February 2011 Archives

Guilty Thumbs

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It makes you feel guilty but you still do it anyway. That statement can be made about a variety of human behavior but a new survey of students at the University of New Hampshire found it applies to texting in class.

The survey of 1,000 students at the university revealed high rates of texting during class, and plenty of guilt about composing the surreptitious messages. According to the survey, 80 percent of the students said they normally send at least one text message in each of their classes. University of New Hampshire business students conducted the survey for a marketing-research course.

Chuck Martin, an adjunct professor in the business school is quoted in the Chronicle of Higher Education as saying the researchers expected to find that most students would, like them, want to be allowed to text during class.

But views among surveyed students were actually mixed, with 40 percent of students in favor of allowing texts, 37 percent opposed, and the rest neutral.

The survey showed women were more likely to send text messages than men. It also found, not surprisingly, texting in class distracted students from class material.

Are tablet devices really worth the hype?

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Or the (hundreds of) thousands of dollars spent on purchasing tablet devices for entire cohorts of students? Many administrators of colleges, school boards of public schools and even kindergartens appear to believe so.

Many schools, programs, college departments across the United States are investing heavily in tablet devices such as the iPad. The Boston University's School of Management is providing iPads to all its M.B.A students after a successful trial of the device last fall, according to an article in U.S. News. Satisfied with the results of its student iPad initiative program that began last summer, California's Monterey College of Law has even expanded its program to include faculty members who are teaching core subjects, according to an article in Campus Technology. The president and dean of Monterey, Mitchell Winick, hopes that the iPad would enhance educational effectiveness and make faculty jobs easier.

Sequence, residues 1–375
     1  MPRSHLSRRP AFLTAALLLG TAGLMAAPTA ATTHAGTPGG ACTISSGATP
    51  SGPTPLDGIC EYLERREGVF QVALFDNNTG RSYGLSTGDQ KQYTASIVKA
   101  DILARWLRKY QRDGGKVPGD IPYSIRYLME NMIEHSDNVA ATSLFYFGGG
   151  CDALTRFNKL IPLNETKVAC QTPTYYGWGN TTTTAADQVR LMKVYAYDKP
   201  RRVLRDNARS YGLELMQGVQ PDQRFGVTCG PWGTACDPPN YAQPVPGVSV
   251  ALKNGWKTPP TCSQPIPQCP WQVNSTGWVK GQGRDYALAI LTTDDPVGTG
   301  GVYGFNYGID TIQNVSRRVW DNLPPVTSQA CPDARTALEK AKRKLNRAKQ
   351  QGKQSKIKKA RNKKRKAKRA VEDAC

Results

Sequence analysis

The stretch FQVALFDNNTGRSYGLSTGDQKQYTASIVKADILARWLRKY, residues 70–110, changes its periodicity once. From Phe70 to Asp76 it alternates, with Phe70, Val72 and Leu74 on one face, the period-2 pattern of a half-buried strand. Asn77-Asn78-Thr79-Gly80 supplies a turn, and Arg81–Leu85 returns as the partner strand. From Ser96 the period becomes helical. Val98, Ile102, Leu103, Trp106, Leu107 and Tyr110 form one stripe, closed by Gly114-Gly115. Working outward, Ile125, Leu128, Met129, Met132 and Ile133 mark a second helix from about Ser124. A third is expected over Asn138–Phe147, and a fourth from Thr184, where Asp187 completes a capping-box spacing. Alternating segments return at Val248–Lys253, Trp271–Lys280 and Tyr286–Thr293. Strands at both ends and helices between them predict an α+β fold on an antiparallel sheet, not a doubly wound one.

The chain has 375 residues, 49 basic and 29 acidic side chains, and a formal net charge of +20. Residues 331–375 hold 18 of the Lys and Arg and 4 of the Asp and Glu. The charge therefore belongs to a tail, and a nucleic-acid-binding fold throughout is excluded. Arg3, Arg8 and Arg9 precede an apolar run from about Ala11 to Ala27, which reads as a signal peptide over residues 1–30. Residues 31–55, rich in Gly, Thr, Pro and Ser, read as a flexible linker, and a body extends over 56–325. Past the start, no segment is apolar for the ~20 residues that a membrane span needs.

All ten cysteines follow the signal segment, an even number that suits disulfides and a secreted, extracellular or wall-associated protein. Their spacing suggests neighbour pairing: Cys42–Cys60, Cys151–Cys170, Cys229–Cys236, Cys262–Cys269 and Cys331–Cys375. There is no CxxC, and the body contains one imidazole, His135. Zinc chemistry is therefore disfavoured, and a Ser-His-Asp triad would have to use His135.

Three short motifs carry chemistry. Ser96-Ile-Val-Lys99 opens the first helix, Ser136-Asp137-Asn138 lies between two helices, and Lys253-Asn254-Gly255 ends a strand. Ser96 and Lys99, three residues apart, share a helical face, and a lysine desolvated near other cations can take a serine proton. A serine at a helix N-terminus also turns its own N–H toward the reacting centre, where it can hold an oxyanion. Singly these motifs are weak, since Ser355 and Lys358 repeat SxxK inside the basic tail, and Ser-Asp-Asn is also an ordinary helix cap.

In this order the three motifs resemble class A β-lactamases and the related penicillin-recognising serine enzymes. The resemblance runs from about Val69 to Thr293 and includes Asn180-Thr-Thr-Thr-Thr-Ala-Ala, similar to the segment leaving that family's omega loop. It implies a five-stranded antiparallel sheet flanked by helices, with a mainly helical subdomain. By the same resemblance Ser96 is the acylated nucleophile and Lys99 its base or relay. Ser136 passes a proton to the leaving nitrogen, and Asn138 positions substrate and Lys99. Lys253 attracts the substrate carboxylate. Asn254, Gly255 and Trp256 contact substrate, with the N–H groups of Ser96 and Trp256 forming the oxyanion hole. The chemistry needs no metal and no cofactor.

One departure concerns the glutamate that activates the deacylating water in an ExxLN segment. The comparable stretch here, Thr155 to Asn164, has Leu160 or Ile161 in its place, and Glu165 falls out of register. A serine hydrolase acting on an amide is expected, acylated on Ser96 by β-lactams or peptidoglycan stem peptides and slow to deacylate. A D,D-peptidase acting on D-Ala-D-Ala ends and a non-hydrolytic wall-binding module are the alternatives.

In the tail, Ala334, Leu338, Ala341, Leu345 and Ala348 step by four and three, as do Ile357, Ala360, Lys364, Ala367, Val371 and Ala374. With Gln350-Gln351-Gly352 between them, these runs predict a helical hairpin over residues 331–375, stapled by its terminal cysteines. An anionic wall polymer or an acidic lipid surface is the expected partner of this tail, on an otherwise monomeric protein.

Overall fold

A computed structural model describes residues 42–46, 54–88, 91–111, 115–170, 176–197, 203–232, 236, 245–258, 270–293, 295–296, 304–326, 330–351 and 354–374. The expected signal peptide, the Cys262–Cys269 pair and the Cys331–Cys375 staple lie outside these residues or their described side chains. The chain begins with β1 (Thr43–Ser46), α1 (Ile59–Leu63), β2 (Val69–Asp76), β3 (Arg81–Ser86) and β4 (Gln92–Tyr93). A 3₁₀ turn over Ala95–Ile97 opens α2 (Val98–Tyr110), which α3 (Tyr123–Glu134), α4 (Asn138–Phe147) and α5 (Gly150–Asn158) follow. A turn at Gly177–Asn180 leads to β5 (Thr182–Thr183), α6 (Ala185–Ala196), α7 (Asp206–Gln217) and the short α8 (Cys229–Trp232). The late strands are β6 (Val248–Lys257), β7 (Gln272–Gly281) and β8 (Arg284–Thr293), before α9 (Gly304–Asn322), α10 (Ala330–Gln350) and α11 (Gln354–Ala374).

Remember to Charge Your Eyeglasses

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Bifocal eyeglasses may go the way of the 8-track tape player. New electronic spectacles about to be released have tiny batteries and microchips that enable people who wear bifocals to turn on the reading power when it is needed and turn it off when it's not.

The new electronic eyewear is called emPower and will be on the market this spring in Virginia and North Carolina. The glasses are made by PixelOptics in Virginia and are estimated to cost $1,000 to $1,200 for the frames, lenses, coatings and charger. That compares to an average of $300 to $500 for a pair for regular bifocals.

An article in the New York Times outlines how the electronic eyeglasses work. The glasses have "an unusual insert in the bottom part of the lenses; liquid crystals, cousins to the familiar ones in television displays. The crystals change how the lenses refract of bend light, just as varying levels of thickness do in traditional glasses," the Times reports.

The article explains, "To call up reading power in the new glasses, users touch the side of the frame. Batteries in the frame send along a current that changes the orientation of molecules in the crystals. Touch the side of the frame again, and the reading power disappears. Turn it off to hit a golf ball; turn it on to read the scorecard."

The electronic glasses require people to charge them. A PixelOptics executive said the charge should last two to three days.

Last year, some 20.6 million pairs of progressive lenses, and about 16.2 million pairs of bifocals, were sold in the United States, according to the New York Times.